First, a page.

With the economy recovering and Labour floundering, it was a poor PMQs yesterday for Ed Miliband. And the source of his trouble was sitting right next to him – his own Shadow Chancellor.
After a disastrous response to the Autumn Statement, Ed Miliband is rumoured to have given Ed Balls nine months to sort out Labour’s economic policy. Clearly riled, Ed Balls has given an interview to the FT this morning, the raison d’etre explicitly being to try and regain some credibility on the economy.
And so, somewhat wearily, we have the re-announcement of a ‘zero-based spending review’, six months on from its first outing in June.
Try as Balls may, if we needed any reminding that Labour have nothing to say on the economy, this interview certainly does the job.
Ed Balls talks about a spending review, but can’t point to meaningful savings Labour would make. He calls for more infrastructure investment, but won’t admit how much more borrowing this would need. He mentions welfare, but refuses to set out any welfare savings Labour would be prepared to make. He touches on a surplus, but won’t say how or when.
There is no mention of the two zero-based spending reviews Labour undertook in government – and the structural deficit they proceeded to run from 2002. There is no mention of the fact that Labour took us into the financial crisis with the biggest structural deficit in the G7 – yet still say they didn’t spend and borrow too much. And no mention of the fact that, in the three months after he first announced this spending review, Labour made £29 billion in unfunded spending commitments.
The real lessons of this interview – and of the year as a whole – are simple.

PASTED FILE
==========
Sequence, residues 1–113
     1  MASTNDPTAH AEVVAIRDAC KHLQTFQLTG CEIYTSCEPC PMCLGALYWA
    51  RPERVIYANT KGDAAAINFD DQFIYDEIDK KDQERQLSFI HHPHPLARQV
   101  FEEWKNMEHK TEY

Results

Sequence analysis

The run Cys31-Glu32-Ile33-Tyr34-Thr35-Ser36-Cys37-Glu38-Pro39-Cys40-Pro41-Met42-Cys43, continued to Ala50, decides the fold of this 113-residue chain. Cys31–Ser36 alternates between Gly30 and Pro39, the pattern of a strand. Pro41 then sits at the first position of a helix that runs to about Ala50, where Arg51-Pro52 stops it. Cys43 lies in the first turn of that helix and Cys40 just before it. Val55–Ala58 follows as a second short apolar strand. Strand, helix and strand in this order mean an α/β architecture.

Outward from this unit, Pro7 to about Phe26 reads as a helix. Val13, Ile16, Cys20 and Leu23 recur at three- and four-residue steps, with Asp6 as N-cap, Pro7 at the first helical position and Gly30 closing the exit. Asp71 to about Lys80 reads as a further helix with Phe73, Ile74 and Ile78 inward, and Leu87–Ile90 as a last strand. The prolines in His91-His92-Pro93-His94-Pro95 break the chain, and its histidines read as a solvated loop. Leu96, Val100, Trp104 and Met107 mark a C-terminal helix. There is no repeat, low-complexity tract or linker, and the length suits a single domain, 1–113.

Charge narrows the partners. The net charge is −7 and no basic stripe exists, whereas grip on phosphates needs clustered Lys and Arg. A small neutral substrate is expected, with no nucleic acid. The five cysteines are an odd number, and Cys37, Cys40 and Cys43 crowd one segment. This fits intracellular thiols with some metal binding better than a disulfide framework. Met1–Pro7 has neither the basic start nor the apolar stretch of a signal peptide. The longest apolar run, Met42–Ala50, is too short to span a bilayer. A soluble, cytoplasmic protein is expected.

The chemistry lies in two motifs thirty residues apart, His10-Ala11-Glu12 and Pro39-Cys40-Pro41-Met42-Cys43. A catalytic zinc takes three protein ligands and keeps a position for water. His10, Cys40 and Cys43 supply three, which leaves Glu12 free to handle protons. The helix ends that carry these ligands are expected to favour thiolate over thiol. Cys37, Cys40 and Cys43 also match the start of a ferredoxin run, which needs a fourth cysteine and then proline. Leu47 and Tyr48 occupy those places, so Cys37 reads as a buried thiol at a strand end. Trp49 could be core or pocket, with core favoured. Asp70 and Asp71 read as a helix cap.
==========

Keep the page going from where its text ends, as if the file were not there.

Labour know they have lost the argument on the economy. They have nothing to say because they don’t have an economic plan. And as a result, they are only offering short term gimmicks and more spending, more borrowing, and more debt.
With a clear long-term plan for the future of our country, this Government is reducing the deficit and securing an economic recovery for all. The one thing that would put this all at risk would be the short-term gimmicks and more borrowing that Labour still call for.
After three and a half years, the choice facing Britain is clear. We saw this at the Autumn Statement, we saw it at yesterday’s PMQs, and we see it again in today’s interview.
It is a choice between the Labour Party offering more of the same recipe that got us into a mess in the first place – because they have no economic plan – or the Conservatives who have a long-term economic plan that is delivering a sustainable recovery for all and a more secure and better future for hardworking people and their families.
When you look at it like this, nine months seems generous.Tags: Ed Balls, PMQs